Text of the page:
If you’re a regular listener of Truth for Teachers, you know I like to focus on very practical, actionable strategies that every person listening can implement. Today’s episode is going to be a slight departure from that. This episode is a chance to dream, to imagine new possibilities, to rethink everything about the way your school day is structured.
I’m going to be talking with Jodi Fletcher, a principal whose team had a vision for a really innovative way to support kids in personalized learning and project based learning. Listen in as she tells the story of what that dream looks like now that they’ve made it a reality for 500 kids.
86% of teachers in the U.S. are white. Most of you listening to this episode are therefore white. Conversations about race are super prevalent right now and for many white people, and it feels like stepping onto a minefield.
They have literally no idea what to say, or feel like they don’t understand the history enough to contribute much to the conversation. Or, they say something they think is totally valid but inadvertently offend people of color in the discussion or get their own feelings hurt because they feel “attacked”, vowing to never, ever enter another conversation about race again.
This can’t happen, teacher friends. It really hurts my heart to see so many misunderstandings in our country around race right now, particular when it’s among white teachers who are shaping the next generation of minds. Teachers are smart, kind, educated people tasked with raising up young people to be leaders. We cannot be ignorant about race or avoid talking about it.
I’m going to start here, today, by sharing what I know now as best as I can, because if I wait until understand everything fully, there will never be an episode about race on Truth for Teachers. And this can’t wait. I want every white teacher, particularly those who teach black and brown students, to understand some fundamental truths. These can completely transform your relationship with your students, their families, and the community you teach in, and I hope you’ll be open to my words in light of that.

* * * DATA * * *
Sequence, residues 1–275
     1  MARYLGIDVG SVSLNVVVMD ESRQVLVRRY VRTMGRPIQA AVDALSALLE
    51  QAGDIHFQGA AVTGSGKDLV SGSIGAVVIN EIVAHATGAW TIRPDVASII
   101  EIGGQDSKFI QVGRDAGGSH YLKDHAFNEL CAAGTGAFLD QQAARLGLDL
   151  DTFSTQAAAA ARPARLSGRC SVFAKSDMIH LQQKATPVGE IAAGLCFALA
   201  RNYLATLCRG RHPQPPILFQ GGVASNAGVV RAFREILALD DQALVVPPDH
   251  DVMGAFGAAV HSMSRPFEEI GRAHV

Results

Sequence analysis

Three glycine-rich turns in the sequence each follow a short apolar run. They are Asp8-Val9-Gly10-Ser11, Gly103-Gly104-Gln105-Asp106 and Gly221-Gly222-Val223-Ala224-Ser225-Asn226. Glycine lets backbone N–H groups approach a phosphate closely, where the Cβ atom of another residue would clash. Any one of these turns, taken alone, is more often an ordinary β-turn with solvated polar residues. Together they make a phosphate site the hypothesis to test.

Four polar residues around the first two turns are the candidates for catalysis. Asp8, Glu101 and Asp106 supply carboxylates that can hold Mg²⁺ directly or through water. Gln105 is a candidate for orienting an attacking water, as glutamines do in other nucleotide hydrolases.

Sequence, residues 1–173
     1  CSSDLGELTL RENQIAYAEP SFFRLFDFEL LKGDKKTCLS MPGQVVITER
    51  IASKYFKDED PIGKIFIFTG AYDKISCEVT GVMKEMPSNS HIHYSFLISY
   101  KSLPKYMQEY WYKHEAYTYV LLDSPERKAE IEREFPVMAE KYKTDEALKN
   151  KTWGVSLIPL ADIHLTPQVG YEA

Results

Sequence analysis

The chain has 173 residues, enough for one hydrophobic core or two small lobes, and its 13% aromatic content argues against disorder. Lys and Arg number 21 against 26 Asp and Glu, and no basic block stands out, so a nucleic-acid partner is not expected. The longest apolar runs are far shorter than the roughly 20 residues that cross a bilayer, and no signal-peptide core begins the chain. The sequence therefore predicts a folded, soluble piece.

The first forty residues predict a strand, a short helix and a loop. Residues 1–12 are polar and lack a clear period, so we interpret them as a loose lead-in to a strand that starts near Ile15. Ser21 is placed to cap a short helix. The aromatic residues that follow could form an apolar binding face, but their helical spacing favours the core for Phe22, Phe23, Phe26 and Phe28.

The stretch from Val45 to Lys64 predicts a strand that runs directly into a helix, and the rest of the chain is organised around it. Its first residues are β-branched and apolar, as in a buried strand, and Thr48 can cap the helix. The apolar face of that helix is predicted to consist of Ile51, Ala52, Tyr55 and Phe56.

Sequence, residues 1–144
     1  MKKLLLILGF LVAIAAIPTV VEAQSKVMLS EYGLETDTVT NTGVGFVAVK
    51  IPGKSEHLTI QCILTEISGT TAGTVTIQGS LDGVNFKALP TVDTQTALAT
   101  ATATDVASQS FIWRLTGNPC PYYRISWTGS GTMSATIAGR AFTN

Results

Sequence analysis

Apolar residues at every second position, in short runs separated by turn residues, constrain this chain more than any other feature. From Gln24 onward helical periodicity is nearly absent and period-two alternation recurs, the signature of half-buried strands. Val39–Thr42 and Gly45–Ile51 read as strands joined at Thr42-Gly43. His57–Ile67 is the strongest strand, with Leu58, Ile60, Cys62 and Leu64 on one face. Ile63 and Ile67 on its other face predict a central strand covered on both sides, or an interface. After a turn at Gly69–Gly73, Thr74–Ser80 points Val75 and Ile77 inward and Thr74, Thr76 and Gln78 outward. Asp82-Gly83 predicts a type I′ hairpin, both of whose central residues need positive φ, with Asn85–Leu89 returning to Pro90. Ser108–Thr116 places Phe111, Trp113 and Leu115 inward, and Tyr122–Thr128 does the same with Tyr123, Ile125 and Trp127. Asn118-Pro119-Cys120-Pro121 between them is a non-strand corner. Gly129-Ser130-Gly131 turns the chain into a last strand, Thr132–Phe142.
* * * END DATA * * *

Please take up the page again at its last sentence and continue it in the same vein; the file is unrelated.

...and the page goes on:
This episode is for those who are frustrated with conversations about race right now, and also for those who want to have hard conversations, want to support their students, want to step up as advocates and allies, but just don’t know how to talk about racial issues and are afraid of saying the wrong thing. I hope the information I share today will help you feel more confident in having those tough conversations that are so, so important, and empower you to be a more culturally responsive teacher.
Today I’m going to let you listen in on a coaching call I did with a 3rd grade teacher named Daniele. Like all the teachers I’m conducting these free coaching calls with, Daniele completed a year in the 40 Hour Teacher Workweek Club and has a really good understanding of how to be intentional in her teaching and maintain a positive, productive mindset.
However, as we progressed through the conversation, it became clear she’s dealing with a whole lot of things that are completely out of her control, things that are increasing her workload and stress level exponentially.
About halfway through the call, I think we got to the real heart of the issue, which is that morale at the school is really faltering right now and it’s incredibly hard to hold onto hope every day and keep doing the work when the school climate is filled with a constant low-grade anxiety.
Daniele’s given me permission to record our conversation and share it here with you so that if these are issues you’re facing in your school, hopefully our thoughts will give you some encouragement.
Today I’m talking with Dr Marcie, a child behavioral specialist and author of the book Love Your Classroom Again: Realistic Behavior Strategies for Educators. She’s also the founder and director of Behavior + Beyond.
I was introduced to Dr Marcie’s work when I heard her speaking about bullying prevention on a local news channel here in New York City where we’re both based, and am really excited to have her here on the podcast to share tips on this with you all, as well.
Listen in as we talk about the difference between meanness and bullying, and how we can support students who are being bullied AND those who are doing the bullying.